Halloween: a horrifying holiday


(From left to right) Maggie Schwabenbauer, Dina Restifo, Bri Ward, and Julia Bilotta stand under the awning in front of Guy’s Pizza to avoid the rain early Sunday, Oct. 27, 2019. 

Editorial Board

Kent Halloween, usually celebrated the Saturday before Oct. 31, is one of the biggest events of the fall. Downtown is transformed by visitors, college students and locals dressed up in spooky costumes. 

Jessica Mills, a sophomore biochemistry major, has gone out to celebrate Kent Halloween for two years now and enjoys seeing all the different costumes. 

“My plans for this year are to just have fun with my friends and enjoy Halloween,” she said.

Mills planned her costume last minute and decided to recycle her devil costume from last year and got any additional pieces she needed from Walmart.                         

Chloe Wingard, a graduate student studying library and information science, is participating in her fourth Kent Halloween. 

“I usually go to the Zephyr and hang out there all night because they have indoor and outdoor space and I don’t want to wait in the lines later in the night,” she said.

This year Wingard is dressing up as Mermaid Man from Spongebob. The costumes are her favorite part. 

“Some people get so creative with how they put things together,” Wingard said. “Others get fantastic group or couples costumes together. I have a camera roll of pictures I’ve taken over the years with costumes I really liked.”

Wingard is a cosplayer so she always makes her own costume for Halloween. 

“I just choose whatever I’m feeling for the night from my stock of various costumes,” she said. “New costumes take a lot of work because I craft a lot of the pieces, but I have a lot already made to use for things like Halloween.”

Wingard headed out for the night with one or two friends and wound up joining with other costumed strangers for the night.

“Last Halloween I was adopted by a coven of witches for the night and I had a blast,” she said.

Wingard said the coolest part of the night is the number of people that come out to have a good time.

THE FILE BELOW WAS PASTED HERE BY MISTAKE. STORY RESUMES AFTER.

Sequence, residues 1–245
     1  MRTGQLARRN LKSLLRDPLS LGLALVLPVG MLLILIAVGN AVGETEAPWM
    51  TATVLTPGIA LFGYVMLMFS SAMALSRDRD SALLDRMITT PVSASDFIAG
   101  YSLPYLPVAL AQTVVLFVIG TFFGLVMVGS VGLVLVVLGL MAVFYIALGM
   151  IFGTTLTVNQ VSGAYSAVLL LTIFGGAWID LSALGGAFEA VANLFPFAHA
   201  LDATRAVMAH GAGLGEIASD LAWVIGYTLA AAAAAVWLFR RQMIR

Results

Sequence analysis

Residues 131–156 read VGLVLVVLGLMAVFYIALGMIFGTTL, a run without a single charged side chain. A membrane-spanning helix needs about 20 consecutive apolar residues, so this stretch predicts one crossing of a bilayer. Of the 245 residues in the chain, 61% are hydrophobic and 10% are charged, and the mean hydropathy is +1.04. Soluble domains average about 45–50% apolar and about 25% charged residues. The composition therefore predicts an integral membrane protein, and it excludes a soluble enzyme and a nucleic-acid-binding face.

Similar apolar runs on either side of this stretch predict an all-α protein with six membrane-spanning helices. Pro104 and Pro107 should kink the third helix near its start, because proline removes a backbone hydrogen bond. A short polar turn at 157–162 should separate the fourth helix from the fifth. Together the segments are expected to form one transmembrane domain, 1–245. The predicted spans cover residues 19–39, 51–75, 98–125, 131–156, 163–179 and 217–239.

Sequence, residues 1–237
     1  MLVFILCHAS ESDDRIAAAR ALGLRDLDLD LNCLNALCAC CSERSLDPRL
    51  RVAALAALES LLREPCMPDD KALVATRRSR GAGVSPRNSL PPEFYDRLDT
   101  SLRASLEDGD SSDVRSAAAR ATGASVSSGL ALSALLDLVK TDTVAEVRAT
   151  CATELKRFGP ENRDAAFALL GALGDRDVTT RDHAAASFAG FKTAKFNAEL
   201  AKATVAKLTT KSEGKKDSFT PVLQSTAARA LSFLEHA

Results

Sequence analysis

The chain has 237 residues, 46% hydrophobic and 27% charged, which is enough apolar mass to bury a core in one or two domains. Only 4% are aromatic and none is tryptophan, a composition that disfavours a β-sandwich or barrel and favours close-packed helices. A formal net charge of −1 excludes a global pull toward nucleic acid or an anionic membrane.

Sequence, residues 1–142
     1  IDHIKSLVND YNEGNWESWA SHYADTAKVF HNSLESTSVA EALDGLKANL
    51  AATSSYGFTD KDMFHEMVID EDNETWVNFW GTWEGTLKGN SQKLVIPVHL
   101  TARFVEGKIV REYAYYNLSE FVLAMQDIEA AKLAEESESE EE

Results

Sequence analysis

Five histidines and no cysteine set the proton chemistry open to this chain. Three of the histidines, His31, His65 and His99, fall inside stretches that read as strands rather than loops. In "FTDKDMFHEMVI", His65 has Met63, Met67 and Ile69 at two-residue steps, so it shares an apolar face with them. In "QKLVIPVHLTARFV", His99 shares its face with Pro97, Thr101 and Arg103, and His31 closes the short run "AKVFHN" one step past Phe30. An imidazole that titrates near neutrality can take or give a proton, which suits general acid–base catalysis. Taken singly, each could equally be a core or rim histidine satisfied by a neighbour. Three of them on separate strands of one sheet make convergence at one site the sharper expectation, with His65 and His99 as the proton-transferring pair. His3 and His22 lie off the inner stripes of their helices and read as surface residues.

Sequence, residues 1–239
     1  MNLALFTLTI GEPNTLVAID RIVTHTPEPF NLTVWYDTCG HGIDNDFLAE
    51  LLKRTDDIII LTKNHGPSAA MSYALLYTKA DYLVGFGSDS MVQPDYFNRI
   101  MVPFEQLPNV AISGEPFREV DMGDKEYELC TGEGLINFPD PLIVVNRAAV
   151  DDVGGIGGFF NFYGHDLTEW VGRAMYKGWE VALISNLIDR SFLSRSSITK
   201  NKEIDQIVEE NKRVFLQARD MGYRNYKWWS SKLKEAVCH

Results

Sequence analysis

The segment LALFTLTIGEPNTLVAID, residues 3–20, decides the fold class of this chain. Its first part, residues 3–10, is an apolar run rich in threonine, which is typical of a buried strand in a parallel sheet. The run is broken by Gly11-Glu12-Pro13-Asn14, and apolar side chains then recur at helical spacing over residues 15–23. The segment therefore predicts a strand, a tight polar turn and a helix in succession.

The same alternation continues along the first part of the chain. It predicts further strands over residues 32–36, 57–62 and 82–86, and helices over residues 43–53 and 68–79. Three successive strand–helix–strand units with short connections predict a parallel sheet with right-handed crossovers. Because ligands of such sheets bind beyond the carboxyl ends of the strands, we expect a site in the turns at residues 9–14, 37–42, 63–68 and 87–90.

“There’s never a shortage of new costumes to look at throughout the night,” Wingard said. “And people look forward to the festivities all year. It’s a really special night for the whole Kent community.”

As the night kicked off around 8 p.m. people joined the biggest tradition for the holiday: waiting in line at a bar. 

A group of four in a variety of mismatched costumes headed downtown to check out the festivities. One member of the group, Jacob, was dressed in full armor as a Roman legionary, a costume he had on hand. 

Despite the rain and the cold, as the night went on, more groups of people headed downtown. A group of friends huddled underneath umbrellas outside Buffalo Wild Wings in costumes. Among them were people dressed as witches, Zak from Dragon Tales and Puff the Magic Dragon. 

“You could have had a bad witch,” Lindsey, a hospitality major, said, referring to the Lizzo song ‘Truth Hurts’ as she explained her costume choice. 

Throughout the night, not everyone was looking for treats. Dressed in matching red and green clown costumes, Ravenna residents Greg Pots and Christina Carlson attended Kent Halloween to have a little fun at the other party-goers’ expense.

“[We’re] just walking around scaring people,” said Pots. “I rent a room every year to do this.”

Like everyone, they’d just arrived downtown due to the hour and the rain, but had plans to stay out for a while and get some quality scares in, Pots said.

Kaitlyn Sutherland, a junior business major, didn’t let a little rain stop her from putting on her giraffe ears and coming downtown to have fun with friends and “get drunk” at the bars. 

While walking from bar to bar with a couple friends, she saw a couple of costumes that will probably be burned into her memory way past Kent Halloween.

“Oh, what’s the weirdest thing we’ve seen tonight,” she said. “We saw dirty grandpa and grandma. They were like old. So weird. And he sewed a really long penis on himself.”

Standing outside of the Kent Stage, Cleveland-resident Angie Shan, dressed as the night sky, was waiting to go in to see a show with her husband and friends.

Prior to coming to Kent, Shan as inspired to create her costume after noticing the lights in her house.

“I’ve been wearing this [outfit] all day,” she said. “I had this idea because there were lights from up in my plants that are battery operated. And I was like ‘I’m going to be outer space.’”

David Donelson Cobourn and Lili Culley, students at Kent Roosevelt High School, dressed as characters from “The Shining.” 

“We kind of came up with it last minute, but we’ve always loved it,” Donelson-Coburn said.

“I think everyone just doesn’t care about the rain,” said Ben Kemper, senior digital media production major. 

A little after midnight, the lines at bars like BarFly and 157 Lounge grew and went down the street. 

As it got later, several bars like Barfly and 157 Lounge were over capacity; members of the fire department were called in to help close them down. 

With bars starting to close and the lines at many restaurants getting longer, several people stumbled down the streets to parking lots to get to their rides. Ubers and Lyfts lined the streets to close out the night as people tried to get out of the pouring rain. 

The night ended with five arrests off-campus by the City of Kent Police which is down from 13 in 2018.